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“With doing this job, I don’t get much time to watch TV,” Cush Jumbo says. “But ‘The Good Wife’ is something that I’ve watched from episode one, season one because it started screening when I was in drama school and it was very good hangover TV.”

Seven years after watching those first episodes, the British actress will make her debut on the Golden Globe- and Emmy-winning series on Sunday. Her turn as bond court lawyer Lucca Quinn marks her first appearance in American television or film. Her previous work in the States has been strictly theater: first in an all-female “Julius Caesar” at St. Ann’s Warehouse, then on Broadway with Hugh Jackman in “The River,” and most recently at Joe’s Pub in the one-woman show “Josephine and I,” which she also wrote.

“It’s really interesting to do something contemporary and where I’m an American,” Jumbo says, between bites of bagel on “The Good Wife” set in Brooklyn. The transition from the stage to screen has been smooth, though the first week “I had a bit of jaw and tongue ache,” she admits, before dipping into an American accent to add “it’s so much easier to stay [in character] when you’re surrounded by Americans.”

https://www.youtube.com/watch?v=EzsmkTuoRnk

Jumbo, who grew up in South London and graduated from the Central School of Speech and Drama in 2006, can’t remember a time when she didn’t want to act. With theater, “you would spend four or five weeks storing a huge amount of lines in your brain, and then you’d retain them for six months, all those lines, while you performed them every single night,” she says. Now on “The Good Wife,” “I cannot remember a word from the scenes we did yesterday. And that system is very different, because if you ejected information like that with a play, you’d never get it done.”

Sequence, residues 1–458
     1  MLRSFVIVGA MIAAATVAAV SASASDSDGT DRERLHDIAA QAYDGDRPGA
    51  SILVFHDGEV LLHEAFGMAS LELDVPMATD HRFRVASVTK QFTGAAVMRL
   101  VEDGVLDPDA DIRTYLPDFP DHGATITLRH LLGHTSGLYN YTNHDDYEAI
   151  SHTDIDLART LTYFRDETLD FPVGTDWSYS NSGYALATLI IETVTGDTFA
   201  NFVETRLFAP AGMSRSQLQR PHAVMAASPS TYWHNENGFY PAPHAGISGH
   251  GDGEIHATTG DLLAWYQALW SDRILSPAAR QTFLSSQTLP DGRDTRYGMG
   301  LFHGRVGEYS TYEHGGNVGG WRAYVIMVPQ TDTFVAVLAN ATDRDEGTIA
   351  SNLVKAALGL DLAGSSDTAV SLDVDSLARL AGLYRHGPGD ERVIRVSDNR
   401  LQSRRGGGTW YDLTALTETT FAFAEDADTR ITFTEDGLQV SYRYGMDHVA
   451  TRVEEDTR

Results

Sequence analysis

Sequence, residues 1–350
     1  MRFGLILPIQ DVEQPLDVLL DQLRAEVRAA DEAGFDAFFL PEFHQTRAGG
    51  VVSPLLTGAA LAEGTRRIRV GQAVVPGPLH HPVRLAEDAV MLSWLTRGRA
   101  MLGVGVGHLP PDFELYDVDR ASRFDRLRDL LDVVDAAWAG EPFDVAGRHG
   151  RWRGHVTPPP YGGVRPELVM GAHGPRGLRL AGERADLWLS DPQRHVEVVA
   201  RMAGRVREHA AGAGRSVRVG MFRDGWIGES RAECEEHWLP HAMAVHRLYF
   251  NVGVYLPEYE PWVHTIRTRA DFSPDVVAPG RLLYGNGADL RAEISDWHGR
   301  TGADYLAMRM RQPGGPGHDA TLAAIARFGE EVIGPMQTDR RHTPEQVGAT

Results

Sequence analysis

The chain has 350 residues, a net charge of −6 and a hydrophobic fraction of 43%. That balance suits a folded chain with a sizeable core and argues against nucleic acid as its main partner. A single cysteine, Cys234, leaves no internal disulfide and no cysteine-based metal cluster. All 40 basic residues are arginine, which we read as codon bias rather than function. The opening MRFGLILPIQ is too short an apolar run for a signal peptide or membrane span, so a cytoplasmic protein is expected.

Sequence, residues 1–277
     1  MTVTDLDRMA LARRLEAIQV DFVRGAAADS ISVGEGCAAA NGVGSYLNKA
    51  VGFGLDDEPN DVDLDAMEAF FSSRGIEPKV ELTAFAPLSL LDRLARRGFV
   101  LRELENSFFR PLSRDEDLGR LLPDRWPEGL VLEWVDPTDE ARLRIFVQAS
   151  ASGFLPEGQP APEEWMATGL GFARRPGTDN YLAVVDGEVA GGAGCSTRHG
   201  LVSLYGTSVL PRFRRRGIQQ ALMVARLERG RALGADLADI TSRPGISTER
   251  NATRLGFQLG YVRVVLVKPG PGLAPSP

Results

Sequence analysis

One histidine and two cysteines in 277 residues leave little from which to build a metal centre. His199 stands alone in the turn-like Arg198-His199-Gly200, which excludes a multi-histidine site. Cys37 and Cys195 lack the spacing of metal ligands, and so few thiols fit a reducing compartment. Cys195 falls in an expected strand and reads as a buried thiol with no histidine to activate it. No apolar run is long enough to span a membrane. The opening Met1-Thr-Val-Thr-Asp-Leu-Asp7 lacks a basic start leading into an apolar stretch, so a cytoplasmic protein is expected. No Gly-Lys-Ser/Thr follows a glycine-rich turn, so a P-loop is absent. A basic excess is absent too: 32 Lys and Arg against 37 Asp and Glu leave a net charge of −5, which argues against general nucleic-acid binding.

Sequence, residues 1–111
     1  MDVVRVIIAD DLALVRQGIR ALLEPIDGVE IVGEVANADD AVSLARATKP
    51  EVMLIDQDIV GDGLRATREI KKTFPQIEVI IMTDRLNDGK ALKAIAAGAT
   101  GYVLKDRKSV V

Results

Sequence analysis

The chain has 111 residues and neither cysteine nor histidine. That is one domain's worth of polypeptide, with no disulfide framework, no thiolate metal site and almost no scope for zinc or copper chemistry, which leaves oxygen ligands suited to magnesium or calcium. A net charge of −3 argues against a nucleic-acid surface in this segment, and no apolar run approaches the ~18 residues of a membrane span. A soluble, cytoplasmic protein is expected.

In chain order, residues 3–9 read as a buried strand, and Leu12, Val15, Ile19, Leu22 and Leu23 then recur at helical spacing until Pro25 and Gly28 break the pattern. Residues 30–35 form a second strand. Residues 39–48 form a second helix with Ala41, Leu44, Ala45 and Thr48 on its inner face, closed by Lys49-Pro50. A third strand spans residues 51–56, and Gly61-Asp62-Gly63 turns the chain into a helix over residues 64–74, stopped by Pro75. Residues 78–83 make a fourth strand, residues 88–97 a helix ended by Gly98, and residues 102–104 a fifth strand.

The balance of the two is something she’s becoming rather keen on. “It changes up your brain,” she says. “And when you come back to the other thing again, you just feel completely refreshed.”

Earlier this year she was in New York performing “Josephine and I,” which had moved from London’s Bush Theatre — at Meryl Streep’s suggestion, no less — for a run at Joe’s Pub. Christine Baranski, who plays Diane Lockhart on “The Good Wife,” came one night, and shortly after the show’s creators, Robert and Michelle King, were in the audience, unbeknownst to Jumbo. “In the U.K., people don’t usually come backstage unless you know them. But in New York, it’s really polite if you’ve got anybody of note that you visit with them after the show,” she says of how she met the King.

Her take to American screens is perhaps a growing up for Jumbo; she recently turned 30, a milestone which “I’m feeling actually really good about it,” she says. “I’ve been dying for people to take me seriously. Something about being in your 20s, especially when you’re a freelance person, it’s like, ‘oh, aren’t you so sweet, look at you just doing your thing,’ And you just want people to take you seriously.”

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